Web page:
Man Sue Bach was buried in the Roman Catholic cemetery. The funeral cortege that left from his Lower George Street home at 3 o’clock on the afternoon of Friday, 6 June, comprised ‘a long string of carriages’, numbering forty-one in total and including four mourning coaches. The funeral was attended by many Chinese, but also by white ‘diggers and others’, who, the Empire noted, ‘seemed to participate in their regret’. The death was registered twice, first by the coroner on 30 June 1862 and then, on 30 August 1862, by the undertaker, Eliza Hanslow. Witnesses to his burial were Thomas Hanslow and John Shying (son of our original John Shying), who was a foreman with the Hanslow family’s firm of undertakers. Several years later John Shying junior set up business as an undertaker with his brother George in George Street South.
Shirley Fitzgerald, Red Tape, Gold Scissors: The Story of Sydney’s Chinese, State Library of New South Wales Press, Sydney, 1997.
Winsome Doyle, ‘Research papers relating to John Shying, a Chinese settler in New South Wales (believed to have arrived in New South Wales in 1818), and his descendants, 198-?-ca. 1992’, MLMSS 5857, State Library of New South Wales.
On 10 May, I will be speaking at the Lilith Conference: ‘Women without men: Spinsters, widows and deserted wives in the nineteenth century and beyond’, at the ANU. It sounds like such a great conference, and I’m excited to be a part of it. Here’s what I’m going to be talking about.
Title: Returning home alone: marital breakdown and the voluntary repatriation of Australian wives from south China
Abstract: Between the 1860s and 1930s dozens of white wives of Chinese men travelled with their husbands and children from Australia and New Zealand to southern China. This paper will examine the decision made by a number of these women to subsequently leave their husbands and marriages, and sometimes also their children, to return to Australia. One of the main reasons they did so was the discovery that their husband had a Chinese wife. British and Australian commentators made much of the ‘cruel treatment’ white wives received from their Chinese families, with newspapers publishing periodic warnings of the dangers of a return to China. This paper will refigure such narratives of cruelty and abandonment to consider the deliberate and courageous decisions white wives made—first in leaving their Australian homes for new lives in China and second in choosing to return home alone, as ‘abandoned’ wives and mothers. It will explore the circumstances in which white wives left China, the physical and emotional journeys they made, and the sometimes devastating consequences these had upon their lives.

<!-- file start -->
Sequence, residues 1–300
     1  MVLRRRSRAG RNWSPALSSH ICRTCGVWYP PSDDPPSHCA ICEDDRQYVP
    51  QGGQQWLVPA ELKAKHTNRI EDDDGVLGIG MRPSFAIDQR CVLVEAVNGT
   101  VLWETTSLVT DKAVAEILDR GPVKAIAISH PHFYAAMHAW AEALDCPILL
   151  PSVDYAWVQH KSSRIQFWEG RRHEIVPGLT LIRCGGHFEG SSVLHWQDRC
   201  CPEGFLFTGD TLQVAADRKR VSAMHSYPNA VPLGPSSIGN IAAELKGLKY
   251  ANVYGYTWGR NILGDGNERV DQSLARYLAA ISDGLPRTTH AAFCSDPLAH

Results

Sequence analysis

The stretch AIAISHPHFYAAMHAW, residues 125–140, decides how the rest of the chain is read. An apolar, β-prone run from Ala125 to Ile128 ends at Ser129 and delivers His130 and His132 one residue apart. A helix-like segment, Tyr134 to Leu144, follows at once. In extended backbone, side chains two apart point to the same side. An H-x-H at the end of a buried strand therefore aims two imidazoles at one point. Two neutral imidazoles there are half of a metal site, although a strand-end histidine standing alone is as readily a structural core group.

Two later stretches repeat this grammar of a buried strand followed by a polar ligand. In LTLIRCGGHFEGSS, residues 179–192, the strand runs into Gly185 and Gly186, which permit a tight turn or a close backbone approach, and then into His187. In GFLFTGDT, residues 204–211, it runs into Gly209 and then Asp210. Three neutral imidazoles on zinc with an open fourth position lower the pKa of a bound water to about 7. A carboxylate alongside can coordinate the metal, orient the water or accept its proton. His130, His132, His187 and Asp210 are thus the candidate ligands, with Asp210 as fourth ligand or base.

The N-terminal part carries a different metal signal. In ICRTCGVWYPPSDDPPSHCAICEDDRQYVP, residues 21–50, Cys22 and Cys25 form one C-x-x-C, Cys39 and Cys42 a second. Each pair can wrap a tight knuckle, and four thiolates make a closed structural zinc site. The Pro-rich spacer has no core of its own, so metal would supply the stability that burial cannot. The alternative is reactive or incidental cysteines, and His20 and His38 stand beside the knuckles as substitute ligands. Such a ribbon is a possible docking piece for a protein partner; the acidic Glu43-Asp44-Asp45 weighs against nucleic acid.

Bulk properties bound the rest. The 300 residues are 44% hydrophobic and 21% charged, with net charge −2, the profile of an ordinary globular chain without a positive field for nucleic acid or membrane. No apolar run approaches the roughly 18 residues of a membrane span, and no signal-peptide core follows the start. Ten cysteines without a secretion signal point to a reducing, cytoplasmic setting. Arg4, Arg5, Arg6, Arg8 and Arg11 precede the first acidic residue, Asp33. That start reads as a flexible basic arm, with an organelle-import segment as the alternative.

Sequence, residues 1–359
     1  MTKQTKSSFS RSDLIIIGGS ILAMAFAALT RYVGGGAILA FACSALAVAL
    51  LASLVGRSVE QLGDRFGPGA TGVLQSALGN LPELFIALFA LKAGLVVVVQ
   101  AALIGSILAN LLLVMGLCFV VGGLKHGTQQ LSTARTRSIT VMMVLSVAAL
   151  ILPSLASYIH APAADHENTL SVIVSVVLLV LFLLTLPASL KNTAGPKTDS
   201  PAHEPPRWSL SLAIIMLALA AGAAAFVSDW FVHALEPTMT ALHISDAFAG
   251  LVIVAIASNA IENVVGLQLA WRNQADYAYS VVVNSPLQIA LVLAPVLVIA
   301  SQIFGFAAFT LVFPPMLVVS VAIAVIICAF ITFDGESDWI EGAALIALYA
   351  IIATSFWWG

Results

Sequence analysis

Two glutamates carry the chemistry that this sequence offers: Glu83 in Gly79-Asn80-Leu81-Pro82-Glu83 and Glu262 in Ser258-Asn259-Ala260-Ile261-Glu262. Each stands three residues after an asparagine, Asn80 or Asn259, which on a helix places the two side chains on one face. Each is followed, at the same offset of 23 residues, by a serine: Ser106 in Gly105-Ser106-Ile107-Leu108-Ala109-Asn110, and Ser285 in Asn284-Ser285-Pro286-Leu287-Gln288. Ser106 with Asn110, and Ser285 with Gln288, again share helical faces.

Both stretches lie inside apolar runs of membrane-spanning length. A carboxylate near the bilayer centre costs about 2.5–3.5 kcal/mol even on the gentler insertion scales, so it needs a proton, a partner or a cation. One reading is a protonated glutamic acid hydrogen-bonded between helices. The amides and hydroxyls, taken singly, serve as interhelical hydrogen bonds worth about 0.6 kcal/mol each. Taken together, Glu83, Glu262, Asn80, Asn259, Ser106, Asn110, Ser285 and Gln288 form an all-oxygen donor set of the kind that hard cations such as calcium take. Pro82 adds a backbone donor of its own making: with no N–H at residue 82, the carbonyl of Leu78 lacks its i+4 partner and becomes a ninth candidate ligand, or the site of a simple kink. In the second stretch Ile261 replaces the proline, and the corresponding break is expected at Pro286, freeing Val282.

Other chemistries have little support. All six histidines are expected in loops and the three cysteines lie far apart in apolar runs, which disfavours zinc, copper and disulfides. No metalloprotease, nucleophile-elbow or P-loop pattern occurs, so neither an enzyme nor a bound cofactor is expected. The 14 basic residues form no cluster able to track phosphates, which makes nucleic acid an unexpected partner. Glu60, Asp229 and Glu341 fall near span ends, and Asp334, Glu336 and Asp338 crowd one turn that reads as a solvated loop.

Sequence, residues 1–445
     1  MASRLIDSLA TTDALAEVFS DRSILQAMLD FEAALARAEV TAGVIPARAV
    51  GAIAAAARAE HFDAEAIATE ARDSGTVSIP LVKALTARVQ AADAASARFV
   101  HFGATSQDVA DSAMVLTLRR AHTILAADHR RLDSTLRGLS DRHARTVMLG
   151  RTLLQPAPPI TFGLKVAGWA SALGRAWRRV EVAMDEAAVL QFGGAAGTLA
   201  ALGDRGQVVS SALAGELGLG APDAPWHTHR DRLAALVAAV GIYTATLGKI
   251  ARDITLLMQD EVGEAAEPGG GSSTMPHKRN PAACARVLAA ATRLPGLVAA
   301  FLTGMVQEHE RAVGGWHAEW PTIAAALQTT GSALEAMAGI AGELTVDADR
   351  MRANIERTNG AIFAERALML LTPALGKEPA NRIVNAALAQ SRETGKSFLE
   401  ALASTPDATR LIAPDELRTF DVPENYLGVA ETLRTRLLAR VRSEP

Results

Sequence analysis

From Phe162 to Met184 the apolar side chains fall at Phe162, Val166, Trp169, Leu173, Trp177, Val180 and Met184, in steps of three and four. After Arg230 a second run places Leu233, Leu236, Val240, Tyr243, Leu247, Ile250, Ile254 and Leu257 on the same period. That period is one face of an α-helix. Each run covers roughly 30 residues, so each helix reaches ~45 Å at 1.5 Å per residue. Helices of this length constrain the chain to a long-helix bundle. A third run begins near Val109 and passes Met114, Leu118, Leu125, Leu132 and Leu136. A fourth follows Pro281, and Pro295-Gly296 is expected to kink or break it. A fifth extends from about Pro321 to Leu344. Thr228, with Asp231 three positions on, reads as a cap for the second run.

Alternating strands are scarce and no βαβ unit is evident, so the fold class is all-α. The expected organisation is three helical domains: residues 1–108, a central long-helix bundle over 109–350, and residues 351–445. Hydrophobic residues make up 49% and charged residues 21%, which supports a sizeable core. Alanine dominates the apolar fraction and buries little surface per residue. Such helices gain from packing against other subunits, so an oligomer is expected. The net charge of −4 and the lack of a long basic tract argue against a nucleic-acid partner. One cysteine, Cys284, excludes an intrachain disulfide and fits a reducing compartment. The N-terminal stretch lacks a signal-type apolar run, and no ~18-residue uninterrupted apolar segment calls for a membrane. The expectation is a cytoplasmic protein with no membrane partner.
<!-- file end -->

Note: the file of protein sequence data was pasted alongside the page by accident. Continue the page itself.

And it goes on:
Here’s a story about a remarkable old white woman and her friendship with a Chinese man. In June 1901, a reporter from Melbourne’s Argus newspaper accompanied Castlemaine’s most senior policeman, Sergeant CW Armstrong, and the reverend from the local Christ Church, Mr G Pennicot, on a tour of Castlemaine to investigate the situation of old-age pensioners in the town. Among their travels they met the unnamed woman and her companion. This is the account about them published in the Argus on 3 June 1901: